[Pricing Nugget #043] When Absolute Discounts Are Absolutely Right

Imagine you are about to create a promotion and think: "How should I present the price reduction?"

Either as an absolute amount-off discount, like $10 off? Or should you instead present it as a relative percentage-off discount, like 10% off?

What should you do? We will find out today.

You can present your price promotion as either an amount-off promotion or a percentage-off promotion.

Researchers ran a meta-analytic study, which means they looked into all past research investigating the effect of an amount-off promotion versus a percentage-off promotion on customer behavior, like behavioral intentions.

In their study, they included 19 papers that covered 86 observations. And these 86 observations encompassed 12,000 respondents. The overall effect was not statistically significant. So, there was no total effect of an amount-off versus a percentage-off promotional frame on behavioral intentions.

Okay, neither amount-off nor percentage-off promotions are, per se, more effective. Maybe the effect depends on something. And this “something” was also investigated by the researchers.

The researcher considered three context factors.

The first was the product price level, low versus high price.

The second was the promotional mode, discounts versus coupons.

And lastly, whether it was a material product or an experiential product.

On the product price level...

past research found that customers are more attracted by a higher number.

So, if your promotional frame gives you a higher number, customers prefer this one.

For example, for prices below 100, a percentage-off promotional frame delivers a higher number ($10 of $50 is 20%, “20” is higher than “10”). And for prices above 100, the amount-off price reduction delivers a higher number (10% of $150 is $15, “15” is higher than “10”).

So, the researchers concluded in this meta-analytic study that for lower prices, percentage-off promotions are better, and for high prices, amount-off promotions are better.

On the price promotion mode...

...past research has shown that percentage-off discounts are harder to calculate from a customer perspective.

And if something is harder to be calculated, customers perceive the savings as lower. Vice versa, for amount-off discounts where you directly present the savings, customers perceive higher savings.

On the other side, for coupons, customers need to know to which former price the coupon refers to. When receiving a coupon, they don't know the exact savings because they don't know for which items they might use this percentage-off coupon. Hence, for percentage-off coupons, customers are more likely to overestimate the value compared to amount-off coupons.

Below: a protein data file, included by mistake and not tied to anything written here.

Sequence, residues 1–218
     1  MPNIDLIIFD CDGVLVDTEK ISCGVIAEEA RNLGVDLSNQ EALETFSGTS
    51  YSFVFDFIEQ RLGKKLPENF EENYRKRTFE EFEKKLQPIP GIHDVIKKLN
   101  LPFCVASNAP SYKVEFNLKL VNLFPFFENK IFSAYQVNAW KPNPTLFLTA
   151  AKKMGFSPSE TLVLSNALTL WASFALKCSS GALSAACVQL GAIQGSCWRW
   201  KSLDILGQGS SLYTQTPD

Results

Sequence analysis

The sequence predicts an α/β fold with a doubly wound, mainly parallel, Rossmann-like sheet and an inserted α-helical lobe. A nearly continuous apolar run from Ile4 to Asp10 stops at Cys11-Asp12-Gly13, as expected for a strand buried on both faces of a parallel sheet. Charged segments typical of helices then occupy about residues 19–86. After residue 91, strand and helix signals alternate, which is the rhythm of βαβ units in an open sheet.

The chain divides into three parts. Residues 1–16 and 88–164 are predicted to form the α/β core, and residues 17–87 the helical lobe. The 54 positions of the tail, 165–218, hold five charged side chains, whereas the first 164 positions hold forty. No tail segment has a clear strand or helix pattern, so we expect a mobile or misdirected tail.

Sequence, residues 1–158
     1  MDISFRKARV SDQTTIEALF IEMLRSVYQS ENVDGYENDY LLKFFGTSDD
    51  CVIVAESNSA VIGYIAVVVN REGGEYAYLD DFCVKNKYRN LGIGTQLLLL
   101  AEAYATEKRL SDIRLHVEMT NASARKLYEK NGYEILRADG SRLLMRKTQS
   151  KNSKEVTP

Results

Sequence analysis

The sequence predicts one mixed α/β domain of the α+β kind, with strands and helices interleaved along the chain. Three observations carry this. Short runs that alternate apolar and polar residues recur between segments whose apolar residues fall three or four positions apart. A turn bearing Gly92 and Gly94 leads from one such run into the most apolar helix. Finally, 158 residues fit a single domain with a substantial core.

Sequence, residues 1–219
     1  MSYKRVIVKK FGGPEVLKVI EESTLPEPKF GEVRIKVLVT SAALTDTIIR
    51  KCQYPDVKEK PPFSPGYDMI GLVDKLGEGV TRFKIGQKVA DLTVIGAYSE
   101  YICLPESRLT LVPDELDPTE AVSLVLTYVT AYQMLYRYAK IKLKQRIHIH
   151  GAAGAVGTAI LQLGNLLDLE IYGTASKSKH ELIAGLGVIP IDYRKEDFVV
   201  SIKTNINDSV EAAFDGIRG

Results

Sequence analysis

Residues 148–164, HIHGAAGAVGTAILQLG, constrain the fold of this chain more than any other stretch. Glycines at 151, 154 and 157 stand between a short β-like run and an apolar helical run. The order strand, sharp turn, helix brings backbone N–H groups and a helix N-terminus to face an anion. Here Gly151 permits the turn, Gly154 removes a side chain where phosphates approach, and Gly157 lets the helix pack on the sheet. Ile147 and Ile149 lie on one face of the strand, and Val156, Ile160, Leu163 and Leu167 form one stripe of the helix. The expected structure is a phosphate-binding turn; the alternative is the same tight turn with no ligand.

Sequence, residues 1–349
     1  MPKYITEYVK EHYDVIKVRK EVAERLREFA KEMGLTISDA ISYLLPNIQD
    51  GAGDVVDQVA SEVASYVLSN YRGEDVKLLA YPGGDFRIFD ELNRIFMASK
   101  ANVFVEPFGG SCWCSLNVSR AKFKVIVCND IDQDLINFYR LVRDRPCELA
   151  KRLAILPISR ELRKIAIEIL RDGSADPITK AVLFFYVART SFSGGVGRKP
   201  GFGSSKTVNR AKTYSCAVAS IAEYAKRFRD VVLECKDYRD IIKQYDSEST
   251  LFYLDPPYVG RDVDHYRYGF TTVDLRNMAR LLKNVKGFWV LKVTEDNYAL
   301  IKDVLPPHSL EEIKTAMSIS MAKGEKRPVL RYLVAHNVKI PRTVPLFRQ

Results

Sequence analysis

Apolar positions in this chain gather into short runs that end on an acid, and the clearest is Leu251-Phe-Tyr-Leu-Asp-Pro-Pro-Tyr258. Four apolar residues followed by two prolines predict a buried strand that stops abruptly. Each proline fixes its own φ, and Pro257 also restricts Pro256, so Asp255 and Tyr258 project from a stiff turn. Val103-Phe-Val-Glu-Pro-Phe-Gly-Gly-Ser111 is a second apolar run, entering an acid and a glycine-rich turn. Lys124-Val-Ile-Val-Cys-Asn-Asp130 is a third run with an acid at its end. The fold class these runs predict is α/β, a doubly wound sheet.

Overall, discounts might work better for amount-off promotions, and coupons might work better if presented as a percentage-off promotion.

On the product type...

...we differentiate between material products and experiential products. Material products, like a TV set, are more tangible and very concrete. Whereas experiential products like Skydiving are less tangible and less concrete. Customers who are considering material products might be in a more concrete state of mind.

In this state of mind, promotional frames that are at the same level of concreteness, like amount-off promotions, might work better. On the other side, for experiential products where the state of mind is less concrete and less tangible, promotional frames that refer to the same lower level of concreteness, like percentage-off promotions, might work better.

The underlying theory here is the Construal Level Theory for those of you who are interested in going a bit deeper.

What did we learn today?

Today, we learned about very concrete guidelines on when to use amount-off promotions and when to use percentage-off promotions.

In summary, amount-off promotions work better

  • if the product is of a high price (the threshold is 100),
  • it refers to discounts,
  • and the products are material.

Percentage-off promotions work better

  • for low-price products,
  • if you are considering giving coupons, and
  • if the product is experiential.


Yuan, Q., Li, J., Jiang, Y., & Liu, C. (2022). When do amount‐off discounts result in more positive consumer responses? Meta‐analytic evidence. Psychology & Marketing, 39(1), 46-58.